The Artist Studio in the Foothills will host an opening reception Saturday for Bigworks, its latest installation at Lucchesi Winery.
Artists Chris Duccini, Linda Galusha, Angela Lazarow, Betsy Lombard and Mark Wilcox exhibit large scale works that reflect a range of styles, mediums and themes, from landscapes, to cityscapes and abstracts.
“Each artist paints with an important relationship to large scale compositions,” said Amanda Paoletti, ASiF owner.
The artists will be at the reception, which is open to the public, from 4 to 6 p.m. Saturday at Lucchesi’s downtown tasting room, 128 Mill St., Grass Valley.
The exhibit will be up through June 15 in the tasting room.
Chris Duccini’s works are creatively bold and always unique expressions of familiar sights.
His current series of cityscapes are deeply grounding and full of raw decisive color choices. His wine images are light and whimsical, making themselves at home in the tasting room gallery. Using thick applications of acrylic paint mixed with a gloss gel medium he applies the paint using various tools, including large drywall and pallette knives to create a deep rich carved-in surface, according to his bio.
Linda Galusha’s surreal and other worldly landscapes are magical and inviting. Their intricate detail creates an intimacy that’s quite surprising for their scale. She’s been painting custom murals commercially and privately for almost 15 years, making this series of Bigworks quite small in comparison to her 20- to 40-foot murals, according to her bio.
Angela Lazarow’s unselfconcious works are all at once bold and vulnerable.
“I prefer to work with acrylics on large pieces of unstretched canvas because it allows me more freedom of movement and inspires random thoughts. I never feel restricted using this technique and I am never sure what the result will be when I begin but I can feel the inner connection once I do,” Lazarow said. “Abstract expressionistic art heightens my often unpredictable and intuitive use of color, direction and composition and for me is manifested clearly in what I paint. Abstract art encourages deeper observation beyond the obvious.
“My objective is to create art that evokes an emotional response and connection from the observer so that the painting and the observer become intimately engaged.”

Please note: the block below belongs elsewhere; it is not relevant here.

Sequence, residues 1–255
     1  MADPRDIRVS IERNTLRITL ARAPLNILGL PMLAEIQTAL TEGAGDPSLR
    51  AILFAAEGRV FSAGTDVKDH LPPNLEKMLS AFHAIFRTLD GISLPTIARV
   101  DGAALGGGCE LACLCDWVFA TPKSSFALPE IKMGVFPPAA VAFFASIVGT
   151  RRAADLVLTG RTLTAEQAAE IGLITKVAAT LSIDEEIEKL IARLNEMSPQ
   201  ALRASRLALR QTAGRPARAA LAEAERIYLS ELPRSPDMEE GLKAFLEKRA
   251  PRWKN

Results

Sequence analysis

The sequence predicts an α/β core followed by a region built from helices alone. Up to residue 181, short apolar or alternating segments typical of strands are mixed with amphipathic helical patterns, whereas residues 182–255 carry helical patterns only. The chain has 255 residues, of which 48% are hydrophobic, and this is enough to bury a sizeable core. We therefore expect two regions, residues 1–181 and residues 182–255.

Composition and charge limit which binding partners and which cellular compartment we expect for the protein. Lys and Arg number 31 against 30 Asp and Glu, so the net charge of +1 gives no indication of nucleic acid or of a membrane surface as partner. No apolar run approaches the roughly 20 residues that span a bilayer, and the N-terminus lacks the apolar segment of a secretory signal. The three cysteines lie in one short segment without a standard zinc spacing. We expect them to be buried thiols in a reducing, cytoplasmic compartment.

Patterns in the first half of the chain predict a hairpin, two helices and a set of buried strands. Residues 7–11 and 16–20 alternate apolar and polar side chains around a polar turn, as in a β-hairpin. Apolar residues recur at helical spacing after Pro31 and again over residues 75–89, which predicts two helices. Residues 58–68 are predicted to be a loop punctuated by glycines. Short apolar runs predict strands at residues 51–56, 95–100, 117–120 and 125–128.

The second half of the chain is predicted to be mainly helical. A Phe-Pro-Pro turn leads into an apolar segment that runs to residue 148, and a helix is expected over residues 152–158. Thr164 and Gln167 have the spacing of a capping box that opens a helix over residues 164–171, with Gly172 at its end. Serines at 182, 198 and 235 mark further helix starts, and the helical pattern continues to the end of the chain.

Betsy Lombard paints in oils, is self-taught and has been working thus for 45 years of her life. Her influences are the Society of Six, Franz Marc’ Blaue Reiter series and Matisse. Emotions ‘come in colors everywhere’ in Lombard’s work, filling up an entire room with the gamut — from cool calm to on fire excitement, according to her bio.
The mysterious environments of Mark Wilcox are both enlightening and uplifting. Hundreds of tiny colorful marks create a chorus of light filled voices singing of gorgeous grasses dancing in the fields, soft pathways leading to quiet stands of un-named orchards, shadowy groves and darkly silhouetted cityscapes.
Wilcox is a self-taught, self-described creative guy who has toiled in the heavy industry known as “design” long enough to know better.
He started to paint seriously in order to escape the madness of pixels and has been having the time of his life ever since. He firmly believes that landscapes are humanity’s best hope for survival, according to Wilcox’s bio.
The tasting room gallery hours are from 11 a.m. to 6 p.m. Sunday through Thursday, and 11 a.m. to 9 p.m. Friday and Saturday. Live music on Friday and Saturday nights feature a variety of local and bay area musicians.
For more about the artists or the gallery show, go to www.asifstudios.com.